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Food stamps

Food Stamp Program Takes Steps to Encourage a Whole Foods Diet

Monday, January 04, 2010 by: Jeremiah Smith, PharmD
Tags: food stamps, nutrition, health news

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(NewsTarget) The Supplemental Nutrition Assistance Program (SNAP), administered by the USDA, helps low-income individuals and families put food on the table. It is commonly and historically known as the Food Stamp Program. The new name was adopted following enactment of the 2008 Farm Bill, which brought many new changes including expanded coverage and funding to promote nutrition. In an attempt to help improve eating habits and combat the obesity epidemic, SNAP has created incentives for the purchase of nutritious foods. A number of nonprofit groups are participating in this effort to offer such incentives at the point-of-sale.

One of these groups is the Wholesome Wave Foundation, whose mission is to make locally grown, sustainable foods available to all communities. Their "Double Value Coupon Program" doubles the value of food stamps used at participating farmers' markets. This program increases access to affordable, healthy food in low-income areas that need it most. It also supports local farming and reduces "food miles" traveled, which benefits the environment.

Perhaps the most common argument against the use of food assistance programs to promote healthful eating has been that needy people should not have their food choices restricted to certain products. However, this program does not include any restrictions. Its goal is to empower individuals to make healthier choices, not to limit their choices. According to president and CEO of Wholesome Wave, Michel Nischan, "We're not taking away your benefits because you spend them on Twinkies, but if you decide you want to spend it on fresh tomatoes, you'll get double your money."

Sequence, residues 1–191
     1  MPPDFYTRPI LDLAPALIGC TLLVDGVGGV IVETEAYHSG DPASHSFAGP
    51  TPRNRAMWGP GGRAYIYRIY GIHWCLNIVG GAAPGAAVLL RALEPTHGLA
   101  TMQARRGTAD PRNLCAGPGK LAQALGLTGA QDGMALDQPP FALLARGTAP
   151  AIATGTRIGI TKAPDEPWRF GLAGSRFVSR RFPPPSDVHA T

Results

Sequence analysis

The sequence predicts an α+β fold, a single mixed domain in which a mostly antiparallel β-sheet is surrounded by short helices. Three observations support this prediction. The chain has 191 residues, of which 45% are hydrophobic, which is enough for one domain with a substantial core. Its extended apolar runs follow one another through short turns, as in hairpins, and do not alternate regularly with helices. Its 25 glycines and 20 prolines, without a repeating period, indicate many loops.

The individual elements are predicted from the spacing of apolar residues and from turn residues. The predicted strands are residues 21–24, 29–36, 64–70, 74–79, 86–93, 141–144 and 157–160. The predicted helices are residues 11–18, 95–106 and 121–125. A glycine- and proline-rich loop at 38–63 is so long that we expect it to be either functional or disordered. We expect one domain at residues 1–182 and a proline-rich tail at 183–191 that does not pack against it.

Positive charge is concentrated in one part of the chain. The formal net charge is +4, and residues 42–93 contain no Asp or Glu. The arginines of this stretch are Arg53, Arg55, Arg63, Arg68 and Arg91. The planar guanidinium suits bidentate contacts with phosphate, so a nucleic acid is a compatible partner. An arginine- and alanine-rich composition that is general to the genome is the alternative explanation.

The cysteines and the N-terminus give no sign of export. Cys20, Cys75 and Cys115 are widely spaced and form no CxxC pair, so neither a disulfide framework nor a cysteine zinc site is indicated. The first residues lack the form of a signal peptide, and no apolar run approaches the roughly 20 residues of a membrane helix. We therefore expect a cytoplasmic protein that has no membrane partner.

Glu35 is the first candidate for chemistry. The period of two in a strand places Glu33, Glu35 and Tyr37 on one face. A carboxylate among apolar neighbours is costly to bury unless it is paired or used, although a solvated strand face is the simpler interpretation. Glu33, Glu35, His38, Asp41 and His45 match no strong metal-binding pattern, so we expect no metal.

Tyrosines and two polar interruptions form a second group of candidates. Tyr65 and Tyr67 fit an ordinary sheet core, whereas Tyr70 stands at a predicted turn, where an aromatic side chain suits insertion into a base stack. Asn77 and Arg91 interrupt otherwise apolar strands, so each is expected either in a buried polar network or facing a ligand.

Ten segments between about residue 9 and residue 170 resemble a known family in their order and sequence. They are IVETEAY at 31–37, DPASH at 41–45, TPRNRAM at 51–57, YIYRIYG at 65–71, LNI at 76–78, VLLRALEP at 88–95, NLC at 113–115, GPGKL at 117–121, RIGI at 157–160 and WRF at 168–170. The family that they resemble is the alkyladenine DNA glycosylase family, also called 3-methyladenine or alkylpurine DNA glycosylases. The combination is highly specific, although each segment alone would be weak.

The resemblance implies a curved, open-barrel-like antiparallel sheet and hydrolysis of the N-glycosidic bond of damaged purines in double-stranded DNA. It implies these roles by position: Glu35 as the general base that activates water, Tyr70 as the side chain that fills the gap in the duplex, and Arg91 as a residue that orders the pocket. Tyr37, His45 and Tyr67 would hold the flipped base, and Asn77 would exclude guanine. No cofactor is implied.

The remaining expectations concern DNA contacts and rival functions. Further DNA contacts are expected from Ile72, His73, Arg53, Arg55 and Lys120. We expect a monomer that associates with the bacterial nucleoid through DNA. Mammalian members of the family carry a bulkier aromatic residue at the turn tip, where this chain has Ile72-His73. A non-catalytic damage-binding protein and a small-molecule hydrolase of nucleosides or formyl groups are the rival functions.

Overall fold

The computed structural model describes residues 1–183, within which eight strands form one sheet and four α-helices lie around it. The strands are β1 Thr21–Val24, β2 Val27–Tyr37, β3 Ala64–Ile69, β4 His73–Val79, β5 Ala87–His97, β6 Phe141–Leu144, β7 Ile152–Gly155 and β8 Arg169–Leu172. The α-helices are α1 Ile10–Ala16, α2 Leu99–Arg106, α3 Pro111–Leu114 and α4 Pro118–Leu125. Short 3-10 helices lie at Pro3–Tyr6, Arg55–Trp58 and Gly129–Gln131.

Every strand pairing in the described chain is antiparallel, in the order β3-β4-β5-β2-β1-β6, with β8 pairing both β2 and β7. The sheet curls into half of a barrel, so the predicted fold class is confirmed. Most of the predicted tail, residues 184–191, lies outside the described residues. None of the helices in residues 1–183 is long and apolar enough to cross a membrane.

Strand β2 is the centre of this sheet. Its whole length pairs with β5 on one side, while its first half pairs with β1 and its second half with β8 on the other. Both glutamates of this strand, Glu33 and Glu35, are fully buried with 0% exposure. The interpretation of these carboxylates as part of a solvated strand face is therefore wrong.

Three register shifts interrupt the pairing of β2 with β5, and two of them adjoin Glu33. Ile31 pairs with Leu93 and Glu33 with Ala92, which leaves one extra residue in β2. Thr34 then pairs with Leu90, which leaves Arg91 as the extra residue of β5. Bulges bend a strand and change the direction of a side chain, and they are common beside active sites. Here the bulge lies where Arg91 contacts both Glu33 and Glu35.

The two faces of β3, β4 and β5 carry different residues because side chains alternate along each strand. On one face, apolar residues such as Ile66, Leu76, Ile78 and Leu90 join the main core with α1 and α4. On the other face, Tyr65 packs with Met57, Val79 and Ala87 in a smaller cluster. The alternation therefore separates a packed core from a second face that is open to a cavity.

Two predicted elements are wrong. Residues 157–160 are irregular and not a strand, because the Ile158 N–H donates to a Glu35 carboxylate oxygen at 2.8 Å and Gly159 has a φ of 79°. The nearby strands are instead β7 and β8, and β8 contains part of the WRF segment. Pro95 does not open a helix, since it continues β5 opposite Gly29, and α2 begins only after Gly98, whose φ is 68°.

Currently, close to one in eight Americans are enrolled in SNAP, yet only two-thirds of those eligible for enrollment have applied. The average benefit amount for individuals was $124 per month in 2009. Participants can use these benefits to purchase food items, as well as seeds and plants that produce food. Benefits cannot be used for nonfood items, alcohol, tobacco, pet food or supplements.

Despite commonly held beliefs about the program, figures show that every tax dollar spent on food stamps will generate about $1.80 in economic activity, due to what is known as the "ripple effect." Local spending of food stamp credit is passed on to employees, distributors and producers in the food supply chain, who in turn continue the spending cycle.

Sources:

Supplemental Nutrition Assistance Program
(http://www.fns.usda.gov/FSP/Default.htm)

Wholesome Wave
(http://www.wholesomewave.org/)

"Boost in Food-Stamp Funding Percolates Through Economy" The Wall Street Journal
(http://online.wsj.com/article/SB124691958931...)

"Food miles" Wikipedia
(http://en.wikipedia.org/wiki/Food_miles)

About the author

Jeremiah Smith is a licensed and practicing pharmacist with a strong interest in nutrition and natural medicine. He is driven by a thirst for knowledge and a passion for helping others achieve optimal health. Smith writes articles on a range of topics related to wellness. You can visit his website at (http://www.anewvision.info/)


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